We used to refer to Dissociative Identity Disorder (DID) as multiple personalities or Multiple Personality Disorder (MPD). The creation of multiple identities occurs often in response to extreme abuse in childhood. Individuals who have developed different identities have described the experience as a way to escape the abuse.

Recently, an Australian judge made a landmark ruling allowing six of Jeni Haynes’s personalities to testify against her father for the horrific abuse she suffered as a child. In response to the extreme and persistent abuse, the woman created 2,500 different personalities to survive.1The ruling is a precedent where a person diagnosed with Multiple Personality Disorder (MPD) — or Dissociative Identity Disorder (DID) — testified in their other personalities. As a result of the testimony, the father was convicted and sentenced to 45 years in jail by a Sydney court.

In the words of Jeni Haynes, when asked about one of her personalities, a 4-year-old girl named Symphony, she explained, “he wasn’t abusing me, he was abusing Symphony.” Splitting into different people allows for an escape from a situation that cannot be escaped from.

While the ruling in Australia is modern, the phenomenon that we describe as Dissociative Identity Disorder is not new. In fact, it is already described in ancient Chinese medical literature.4

Is it possible to recover from Dissociative Identity Disorder?

The short answer is yes. But what does recovery from DID look like? The goal of treatment for DID is integrated function and fusion. A person with multiple identities may feel like several different people each who have their own distinct personalities complete with individual names, memories, likes, and dislikes. However, these separate selves are part of one whole adult person. The subjective experience of the person with DID is very real and the goal of treatment is to achieve fusion of each personality so the person can begin to function as an integrated whole. Fusion occurs when identities merge together and become a unified whole. It is important to understand integrated function as a process that occurs over time, and fusion as an event where two aspects of identities merge together.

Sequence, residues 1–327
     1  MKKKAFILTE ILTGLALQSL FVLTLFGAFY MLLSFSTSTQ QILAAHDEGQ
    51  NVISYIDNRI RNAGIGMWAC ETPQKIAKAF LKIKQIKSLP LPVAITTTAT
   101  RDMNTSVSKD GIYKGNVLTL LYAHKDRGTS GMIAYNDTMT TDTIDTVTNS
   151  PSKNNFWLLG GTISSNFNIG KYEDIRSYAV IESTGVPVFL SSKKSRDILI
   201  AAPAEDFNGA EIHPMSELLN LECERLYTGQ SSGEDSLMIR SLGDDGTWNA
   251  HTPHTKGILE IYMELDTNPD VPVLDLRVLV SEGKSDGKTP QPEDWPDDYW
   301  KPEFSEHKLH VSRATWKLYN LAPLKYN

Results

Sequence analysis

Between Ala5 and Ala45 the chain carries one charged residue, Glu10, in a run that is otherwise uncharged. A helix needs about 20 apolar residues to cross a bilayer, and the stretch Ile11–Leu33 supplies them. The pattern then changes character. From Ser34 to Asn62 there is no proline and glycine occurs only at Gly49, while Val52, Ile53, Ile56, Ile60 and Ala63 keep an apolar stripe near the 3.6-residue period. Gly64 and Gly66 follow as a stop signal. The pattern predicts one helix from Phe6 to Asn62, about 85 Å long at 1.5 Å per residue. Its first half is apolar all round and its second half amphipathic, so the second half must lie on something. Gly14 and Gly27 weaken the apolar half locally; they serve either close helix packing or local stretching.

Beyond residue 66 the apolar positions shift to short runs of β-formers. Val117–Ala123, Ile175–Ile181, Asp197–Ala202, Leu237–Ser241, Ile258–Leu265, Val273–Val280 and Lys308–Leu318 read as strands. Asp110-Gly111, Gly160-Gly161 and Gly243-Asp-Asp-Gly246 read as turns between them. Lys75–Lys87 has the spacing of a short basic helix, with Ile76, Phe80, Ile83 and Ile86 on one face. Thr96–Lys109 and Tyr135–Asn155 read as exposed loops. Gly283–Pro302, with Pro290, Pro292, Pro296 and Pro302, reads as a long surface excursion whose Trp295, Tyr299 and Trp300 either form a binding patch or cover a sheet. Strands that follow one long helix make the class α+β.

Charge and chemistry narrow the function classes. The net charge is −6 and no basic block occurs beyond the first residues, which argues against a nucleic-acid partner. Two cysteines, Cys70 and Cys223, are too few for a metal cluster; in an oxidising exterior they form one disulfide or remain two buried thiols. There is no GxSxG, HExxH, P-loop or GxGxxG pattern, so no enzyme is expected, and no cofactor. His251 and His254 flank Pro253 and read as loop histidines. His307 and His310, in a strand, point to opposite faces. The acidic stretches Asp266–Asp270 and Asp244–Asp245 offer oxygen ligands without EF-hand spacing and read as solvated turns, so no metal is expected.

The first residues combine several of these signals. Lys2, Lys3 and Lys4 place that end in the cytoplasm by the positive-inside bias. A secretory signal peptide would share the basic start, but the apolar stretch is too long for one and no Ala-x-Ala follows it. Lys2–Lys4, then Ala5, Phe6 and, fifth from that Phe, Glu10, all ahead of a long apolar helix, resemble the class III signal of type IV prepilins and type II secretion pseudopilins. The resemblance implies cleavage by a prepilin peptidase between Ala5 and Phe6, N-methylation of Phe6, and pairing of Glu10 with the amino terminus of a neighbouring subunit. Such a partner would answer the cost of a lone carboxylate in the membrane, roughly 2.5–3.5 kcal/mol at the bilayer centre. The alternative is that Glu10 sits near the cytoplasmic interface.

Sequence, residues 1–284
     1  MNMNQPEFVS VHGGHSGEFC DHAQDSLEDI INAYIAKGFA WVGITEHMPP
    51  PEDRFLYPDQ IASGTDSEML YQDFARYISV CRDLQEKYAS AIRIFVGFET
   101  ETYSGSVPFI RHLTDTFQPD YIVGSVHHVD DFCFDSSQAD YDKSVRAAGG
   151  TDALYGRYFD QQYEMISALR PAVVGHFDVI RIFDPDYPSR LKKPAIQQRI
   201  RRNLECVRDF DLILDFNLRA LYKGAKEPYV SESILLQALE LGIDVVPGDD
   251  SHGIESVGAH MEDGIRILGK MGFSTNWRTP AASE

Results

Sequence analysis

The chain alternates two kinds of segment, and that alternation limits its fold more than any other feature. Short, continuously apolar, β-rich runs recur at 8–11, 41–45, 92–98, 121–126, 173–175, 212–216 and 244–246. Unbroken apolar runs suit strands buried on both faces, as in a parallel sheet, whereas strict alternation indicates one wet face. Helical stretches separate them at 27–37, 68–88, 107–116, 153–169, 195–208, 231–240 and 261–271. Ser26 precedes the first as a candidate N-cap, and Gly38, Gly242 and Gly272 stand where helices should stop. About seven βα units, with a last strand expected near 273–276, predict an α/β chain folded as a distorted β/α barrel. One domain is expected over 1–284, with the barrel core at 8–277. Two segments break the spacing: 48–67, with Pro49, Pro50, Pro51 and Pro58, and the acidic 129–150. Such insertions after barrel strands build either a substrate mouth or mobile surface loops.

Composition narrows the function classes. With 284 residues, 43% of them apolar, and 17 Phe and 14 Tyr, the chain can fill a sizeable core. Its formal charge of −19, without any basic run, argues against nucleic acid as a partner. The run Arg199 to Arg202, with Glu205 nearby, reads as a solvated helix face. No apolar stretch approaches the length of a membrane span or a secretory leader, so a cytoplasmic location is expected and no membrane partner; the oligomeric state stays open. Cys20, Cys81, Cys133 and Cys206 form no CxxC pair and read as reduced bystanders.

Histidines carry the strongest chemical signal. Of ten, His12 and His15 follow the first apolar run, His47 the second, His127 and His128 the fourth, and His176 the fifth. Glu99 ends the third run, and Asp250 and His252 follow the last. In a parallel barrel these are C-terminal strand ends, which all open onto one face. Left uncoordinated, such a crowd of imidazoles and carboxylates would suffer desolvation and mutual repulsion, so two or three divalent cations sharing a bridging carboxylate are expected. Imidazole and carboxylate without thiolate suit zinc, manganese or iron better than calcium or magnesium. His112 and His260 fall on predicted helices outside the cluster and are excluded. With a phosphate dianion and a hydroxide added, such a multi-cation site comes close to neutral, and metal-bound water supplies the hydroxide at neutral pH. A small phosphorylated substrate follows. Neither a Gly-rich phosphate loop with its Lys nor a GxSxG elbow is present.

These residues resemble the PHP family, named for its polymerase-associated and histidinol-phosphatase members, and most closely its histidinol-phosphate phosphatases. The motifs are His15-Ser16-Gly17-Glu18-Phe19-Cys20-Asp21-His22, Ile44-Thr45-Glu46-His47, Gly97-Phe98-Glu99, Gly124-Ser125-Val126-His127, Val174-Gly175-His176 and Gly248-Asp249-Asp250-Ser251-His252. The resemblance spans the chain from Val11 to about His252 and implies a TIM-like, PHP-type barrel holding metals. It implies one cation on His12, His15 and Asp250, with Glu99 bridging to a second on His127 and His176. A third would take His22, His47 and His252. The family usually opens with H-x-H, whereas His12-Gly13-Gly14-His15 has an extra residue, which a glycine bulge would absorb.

Helping each identity become aware of the others and learn to negotiate conflicts is an important part of the therapeutic process.2 Established guidelines for the treatment of DID state that each personality must be acknowledged and allowed to participate in the therapeutic process. Disruptive or unpleasant personalities should not be ignored or treated as undesirable. The goal of therapy is to integrate each unique identity into the whole self. Therefore is is unhelpful for the therapist to encourage “getting rid of” any of the unique identities that exist within the person rather, each must be acknowledged and accepted by the therapist.

What does recovery look like?

Successful treatment outcome results in an integration of each individual identity as part of the self. In addition to this, harmony among the alternate identities is desirable.3 When an individual achieves harmony among identities and ultimately merges each into one unified person, they can begin to feel whole and are no longer subjected to the feeling of being fractured within themselves.

Not all individuals who experience Dissociative Identity Disorder are able to achieve complete and final fusion of each identity due to the difficulty of confronting painful memories. However, treatment is still helpful in moving towards recovery as it allows the individual to receive support and work to resolve past trauma. Healing can be achieved even without complete fusion and resolution of all trauma.

Dissociative Identity Disorder is best treated with a practitioner who is experienced in complex trauma. Not all practitioners are aware of the relationship between DID and past trauma.5


  1. Mao, F. (2019). Dissociative Identity Disorder: The woman who created 2500 personalities to survive. BBC News. Retrieved from https://www.bbc.com/news/world-australia-49589160
  2. International Society for the Study of Trauma and Dissociation. (2011). Guidelines for treating dissociative identity disorder in adults, third revision. Journal of Trauma & Dissociation, 12(2), 115-187.
  3. Kluft, R. P. (1993). Clinical perspectives on multiple personality disorder. American Psychiatric Pub.
  4. Fung, H. W. (2018). The phenomenon of pathological dissociation in the ancient Chinese medicine literature. Journal of Trauma & Dissociation, 19(1), 75-87.
  5. Connors, K. J. (2018). Dissociative and complex trauma disorders in health and mental health contexts: Or why is the elephant not in the room?. Journal of Trauma & Dissociation, 19(1), 1-8.